The Lower House Committee for Women, Family and Children has recommended that lawmakers reject a bill banning ‘baby boxes’ – devices which allow mothers to leave their unwanted newborns at medical institutions without disclosing themselves.
The bill, which will now most likely be rejected by the State Duma in the first reading, was prepared and drafted by Senator Yelena Mizulina. In an explanatory text attached to the draft, she claimed that her main objective was to prevent any practices that encourage parents to abandon their children. The senator also noted the possibilities of abuse that can arise, including “legalized child trafficking and illegal extraction of organs from babies.”
Mizulina’s position has found support from the Russian Health Ministry, but the Russian ombudsman for children’s rights, Tatyana Moskalkova, criticized the proposed ban. “I think that anything that can potentially save lives or minimize harm connected with the fact that some families or mothers sometimes abandon their children has the right to exist,” the ombudsman said.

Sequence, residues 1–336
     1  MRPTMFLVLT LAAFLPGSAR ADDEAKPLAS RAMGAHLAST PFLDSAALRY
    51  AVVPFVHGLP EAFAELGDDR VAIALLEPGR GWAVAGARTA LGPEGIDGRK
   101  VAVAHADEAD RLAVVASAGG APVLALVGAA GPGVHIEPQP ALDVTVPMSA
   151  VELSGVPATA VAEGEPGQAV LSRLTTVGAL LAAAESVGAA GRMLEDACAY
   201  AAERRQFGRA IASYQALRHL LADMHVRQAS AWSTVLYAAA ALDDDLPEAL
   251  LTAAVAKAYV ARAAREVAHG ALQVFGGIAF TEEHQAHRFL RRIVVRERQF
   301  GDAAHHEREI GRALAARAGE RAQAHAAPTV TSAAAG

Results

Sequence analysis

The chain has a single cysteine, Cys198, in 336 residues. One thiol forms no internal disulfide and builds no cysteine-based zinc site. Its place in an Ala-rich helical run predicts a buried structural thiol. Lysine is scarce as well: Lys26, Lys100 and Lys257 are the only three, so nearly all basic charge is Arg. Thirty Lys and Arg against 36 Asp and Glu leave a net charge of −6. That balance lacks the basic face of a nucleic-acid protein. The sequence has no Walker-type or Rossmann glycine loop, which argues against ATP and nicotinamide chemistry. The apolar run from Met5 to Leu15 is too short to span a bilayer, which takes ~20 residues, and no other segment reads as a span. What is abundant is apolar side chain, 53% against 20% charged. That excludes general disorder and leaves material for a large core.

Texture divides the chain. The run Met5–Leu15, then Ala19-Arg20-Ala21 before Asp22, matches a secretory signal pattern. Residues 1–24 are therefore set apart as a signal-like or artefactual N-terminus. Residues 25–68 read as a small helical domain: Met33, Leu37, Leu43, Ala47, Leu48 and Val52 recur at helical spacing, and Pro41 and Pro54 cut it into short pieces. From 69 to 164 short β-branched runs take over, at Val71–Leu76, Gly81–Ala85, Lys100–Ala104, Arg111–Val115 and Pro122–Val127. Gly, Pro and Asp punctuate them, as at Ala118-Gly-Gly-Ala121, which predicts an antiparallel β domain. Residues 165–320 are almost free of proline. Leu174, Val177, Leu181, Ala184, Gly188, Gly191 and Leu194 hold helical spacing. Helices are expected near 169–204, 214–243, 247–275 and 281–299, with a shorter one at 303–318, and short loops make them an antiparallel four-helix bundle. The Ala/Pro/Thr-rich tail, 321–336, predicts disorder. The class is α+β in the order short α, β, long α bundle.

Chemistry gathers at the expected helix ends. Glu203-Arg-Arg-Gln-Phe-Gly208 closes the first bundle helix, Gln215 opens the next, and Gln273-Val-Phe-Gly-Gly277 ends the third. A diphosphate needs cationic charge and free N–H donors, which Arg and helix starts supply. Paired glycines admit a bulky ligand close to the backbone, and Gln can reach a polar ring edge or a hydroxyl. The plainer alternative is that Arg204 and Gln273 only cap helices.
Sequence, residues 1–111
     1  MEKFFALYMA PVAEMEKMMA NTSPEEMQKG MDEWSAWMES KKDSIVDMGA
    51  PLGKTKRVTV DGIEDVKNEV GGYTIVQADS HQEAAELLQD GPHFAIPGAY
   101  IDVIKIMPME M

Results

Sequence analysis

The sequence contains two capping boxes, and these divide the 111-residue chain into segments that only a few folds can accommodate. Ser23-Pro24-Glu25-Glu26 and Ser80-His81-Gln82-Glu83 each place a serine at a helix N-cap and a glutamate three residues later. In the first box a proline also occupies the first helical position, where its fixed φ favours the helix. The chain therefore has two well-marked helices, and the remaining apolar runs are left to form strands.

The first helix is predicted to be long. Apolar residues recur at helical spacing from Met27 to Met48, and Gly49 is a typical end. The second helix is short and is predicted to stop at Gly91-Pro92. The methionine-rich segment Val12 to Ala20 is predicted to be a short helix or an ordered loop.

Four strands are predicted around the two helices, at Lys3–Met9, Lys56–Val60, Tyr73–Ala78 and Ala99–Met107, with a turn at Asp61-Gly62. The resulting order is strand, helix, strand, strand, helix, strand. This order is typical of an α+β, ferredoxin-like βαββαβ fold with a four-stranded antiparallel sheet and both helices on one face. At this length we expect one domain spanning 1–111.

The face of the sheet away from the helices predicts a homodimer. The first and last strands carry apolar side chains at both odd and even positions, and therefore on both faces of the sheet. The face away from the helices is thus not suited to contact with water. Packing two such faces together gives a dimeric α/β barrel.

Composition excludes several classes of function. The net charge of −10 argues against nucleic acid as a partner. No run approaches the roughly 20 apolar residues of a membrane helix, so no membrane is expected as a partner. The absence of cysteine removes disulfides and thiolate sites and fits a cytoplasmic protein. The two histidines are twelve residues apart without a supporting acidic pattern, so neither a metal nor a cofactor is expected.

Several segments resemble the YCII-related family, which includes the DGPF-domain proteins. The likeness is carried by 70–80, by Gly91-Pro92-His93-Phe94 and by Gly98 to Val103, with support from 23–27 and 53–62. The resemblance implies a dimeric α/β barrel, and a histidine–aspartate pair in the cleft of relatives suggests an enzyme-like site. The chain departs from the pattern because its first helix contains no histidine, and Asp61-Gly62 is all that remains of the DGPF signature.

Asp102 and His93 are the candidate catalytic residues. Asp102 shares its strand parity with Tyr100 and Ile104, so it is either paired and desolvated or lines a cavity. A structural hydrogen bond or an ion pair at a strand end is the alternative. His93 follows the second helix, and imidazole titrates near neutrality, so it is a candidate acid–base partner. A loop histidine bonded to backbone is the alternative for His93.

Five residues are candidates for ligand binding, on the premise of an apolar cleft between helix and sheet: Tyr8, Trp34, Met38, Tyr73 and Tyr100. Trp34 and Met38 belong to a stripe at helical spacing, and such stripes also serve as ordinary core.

Since 2011, 13 Russian regions have attempted to introduce baby boxes in their cities, citing the danger of simply abandoning infants in public places or near hospitals and orphanages. Local prosecutors banned these installations in nine regions, and only two have officially recognized it as legal.
The controversial practice has gained supporters and opponents among lawmakers. Apart from Mizulina’s bill, a legislative ban on baby boxes was proposed in 2015 by the nationalist party LDPR. The sponsors of the bill claim that baby boxes encourage parents to give away their children by offering a simple and safe way to do so.
Also in 2015, Senator Konstantin Dobrynin from Arkhangelsk Region drafted a bill that would legalize baby boxes and detail state requirements for such facilities and personnel who run them. He pointed out that the wider use of baby boxes could prevent cases in which mothers either kill their unwanted newborns or leave them in the street, potentially leading to death.
At the moment, all drafts are still in the works and have not received any approval from parliament.